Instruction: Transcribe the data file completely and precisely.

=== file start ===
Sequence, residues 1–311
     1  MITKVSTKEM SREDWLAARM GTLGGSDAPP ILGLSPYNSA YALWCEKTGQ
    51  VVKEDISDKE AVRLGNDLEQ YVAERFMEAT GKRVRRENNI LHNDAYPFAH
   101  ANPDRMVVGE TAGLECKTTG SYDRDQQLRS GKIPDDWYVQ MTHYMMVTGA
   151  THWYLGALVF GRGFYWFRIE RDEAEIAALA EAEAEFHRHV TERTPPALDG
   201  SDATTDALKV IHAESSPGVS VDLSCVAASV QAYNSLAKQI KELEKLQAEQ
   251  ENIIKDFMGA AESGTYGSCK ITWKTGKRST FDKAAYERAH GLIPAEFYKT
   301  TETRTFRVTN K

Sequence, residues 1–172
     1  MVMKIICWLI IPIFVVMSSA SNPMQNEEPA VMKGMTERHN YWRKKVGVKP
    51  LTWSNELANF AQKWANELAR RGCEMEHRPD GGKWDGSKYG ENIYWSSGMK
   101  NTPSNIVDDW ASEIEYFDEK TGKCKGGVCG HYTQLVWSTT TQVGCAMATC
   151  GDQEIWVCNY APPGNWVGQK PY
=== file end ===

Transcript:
Sequence, residues 1–311
     1  MITKVSTKEM SREDWLAARM GTLGGSDAPP ILGLSPYNSA YALWCEKTGQ
    51  VVKEDISDKE AVRLGNDLEQ YVAERFMEAT GKRVRRENNI LHNDAYPFAH
   101  ANPDRMVVGE TAGLECKTTG SYDRDQQLRS GKIPDDWYVQ MTHYMMVTGA
   151  THWYLGALVF GRGFYWFRIE RDEAEIAALA EAEAEFHRHV TERTPPALDG
   201  SDATTDALKV IHAESSPGVS VDLSCVAASV QAYNSLAKQI KELEKLQAEQ
   251  ENIIKDFMGA AESGTYGSCK ITWKTGKRST FDKAAYERAH GLIPAEFYKT
   301  TETRTFRVTN K

Sequence, residues 1–172
     1  MVMKIICWLI IPIFVVMSSA SNPMQNEEPA VMKGMTERHN YWRKKVGVKP
    51  LTWSNELANF AQKWANELAR RGCEMEHRPD GGKWDGSKYG ENIYWSSGMK
   101  NTPSNIVDDW ASEIEYFDEK TGKCKGGVCG HYTQLVWSTT TQVGCAMATC
   151  GDQEIWVCNY APPGNWVGQK PY